Cocaine Use & Diabetes
Cocaine is an addictive recreational drug that is often used for its euphoric effects. However, cocaine can have many dangerous health effects on the brain and body. Cocaine can be particularly dangerous for people with medical complications, like diabetes.
Diabetes and cocaine are both risk factors for cardiovascular problems, like heart attack and stroke. Cocaine abuse can also affect blood glucose levels and proper diabetes care, including insulin management.
Effects Of Cocaine Use
Cocaine is an illicit drug that causes short-lived but powerful effects, which may lead to frequent binges.
Once it reaches the brain, cocaine binds to dopamine receptors. Dopamine is a chemical associated with pleasure and reward. Binding to these receptors causes increased levels of dopamine in the body.
This can cause a rush of euphoria and happiness along with increased energy and alertness.
Other side-effects of cocaine may include:
- constricted blood vessels
- high body temperature
- rapid or irregular heartbeat
- increased blood pressure
High amounts of cocaine can severely impact the cardiovascular system, including heart attack, stroke, or seizure.
Cocaine & Diabetes
Diabetes mellitus is a metabolic disease that causes high glucose (sugar) levels. In addition, the pancreas doesn’t make enough insulin, which is a hormone your body uses to process glucose. Diabetics require prescription insulin to maintain healthy glucose levels.
Diabetes can also cause hypertension (high blood pressure) and when combined with cocaine, increases the risk of heart attack and stroke.
People with diabetes who also use cocaine may experience:
- irregular eating and sleeping patterns
- hypoglycemia (low blood sugar)
- hyperglycemia (high blood sugar)
- forgetting to take insulin
- increased risk of diabetic ketoacidosis (DKA)
Stimulants like cocaine can suppress your appetite and increase energy levels. Frequent substance abuse can lead to poor nutrition and a lack of sleep. This can cause negative consequences for healthy individuals but can cause dangerously low blood sugar levels in diabetics.
The use of cocaine can also impair judgment, which can affect your ability to manage carbohydrates and take insulin properly. Insulin is an important part of diabetes care that helps control blood sugar. Without regular insulin doses, diabetics can become hyperglycemic.
Diabetic Ketoacidosis (DKA)
Glucose is used as an important fuel source for cells in your body. When insulin is neglected, it can prevent glucose from being used as a fuel source.
Instead, the body starts breaking down fat at an excessive rate, causing a condition known as diabetic ketoacidosis (DKA). The liver turns the fat into a new fuel source, called ketones, which causes the blood to become acidic.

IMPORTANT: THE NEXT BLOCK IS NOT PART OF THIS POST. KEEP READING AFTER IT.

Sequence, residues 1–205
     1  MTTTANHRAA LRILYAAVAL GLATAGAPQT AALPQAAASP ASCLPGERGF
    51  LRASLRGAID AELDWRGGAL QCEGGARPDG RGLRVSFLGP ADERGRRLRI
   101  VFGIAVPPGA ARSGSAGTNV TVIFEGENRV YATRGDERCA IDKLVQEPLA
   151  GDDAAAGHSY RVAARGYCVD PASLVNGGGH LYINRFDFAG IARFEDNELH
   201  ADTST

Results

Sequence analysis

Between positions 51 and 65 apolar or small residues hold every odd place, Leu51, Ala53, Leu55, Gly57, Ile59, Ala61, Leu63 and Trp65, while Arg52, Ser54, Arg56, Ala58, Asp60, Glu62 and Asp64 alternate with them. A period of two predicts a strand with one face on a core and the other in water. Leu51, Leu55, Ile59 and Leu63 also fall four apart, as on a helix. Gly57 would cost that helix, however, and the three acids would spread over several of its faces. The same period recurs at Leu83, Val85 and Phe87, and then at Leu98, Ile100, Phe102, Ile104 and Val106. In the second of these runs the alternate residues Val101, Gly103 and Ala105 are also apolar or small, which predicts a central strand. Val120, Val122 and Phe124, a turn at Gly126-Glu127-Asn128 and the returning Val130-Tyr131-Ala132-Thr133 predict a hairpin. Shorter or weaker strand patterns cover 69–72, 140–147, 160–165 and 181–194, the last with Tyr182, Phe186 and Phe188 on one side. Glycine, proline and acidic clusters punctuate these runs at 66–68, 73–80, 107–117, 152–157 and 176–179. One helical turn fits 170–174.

DKA can become life-threatening if untreated. Several noticeable symptoms may occur with DKA, including:
- rapid breathing
- flushed face
- fruity-smelling breath
- frequent urination
- decreased alertness
DKA normally occurs in people with Type 1 diabetes but can also affect people with Type 2 diabetes. The risk of experiencing DKA is increased when you use drugs, especially cocaine.
DKA & Cocaine Use
According to the National Library of Medicine, the prevalence of DKA is higher among people who use cocaine more than other drugs.
When you use cocaine, you may forget to take insulin, which can lead to high blood sugar levels. High blood sugar, or hyperglycemia, is a risk factor for DKA in diabetics.
It may also be influenced by the excess production of counterregulatory hormones that prohibit the action of insulin. These include the hormones norepinephrine and epinephrine, which are increased in the body with cocaine use.
Cocaine Addiction Treatment
Drug use issues can affect every area of your life and can further complicate medical conditions. If you or a loved one is a diabetic, it is important to seek treatment for cocaine addiction.
Treatment facilities give you access to qualified healthcare professionals, positive peer support, and other treatment services.
A clinician will likely develop an individualized treatment plan that may include:
- detox, which will help you during the difficult withdrawal process
- inpatient rehab, which provides 24/7 supervision and a highly structured environment
- outpatient program, which allows you to commute to scheduled treatment sessions
- behavioral therapy, which will help you learn to cope with cravings and triggers
- peer support groups, like the 12-step program Narcotics Anonymous (NA)
- holistic activities, like yoga and meditation
If you or a loved one would like more information about cocaine addiction treatment, please contact us today.
Written by Ark Behavioral Health Editorial Team
©2023 Ark National Holdings, LLC. | All Rights Reserved.
This page does not provide medical advice.
National Library Of Medicine - The Effects of Substance Abuse on Blood Glucose Parameters in Patients with Diabetes: A Systematic Review and Meta-Analysis
National Diabetes Services Scheme (NDSS) - Drug Use And Diabetes Type 1 Booklet
National Institute On Drug Abuse (NIDA) - Cocaine DrugFacts
National Library of Medicine: MedlinePlus - Diabetic Ketoacidosis
PubMed - Diabetic Ketoacidosis Associated With Cocaine Use
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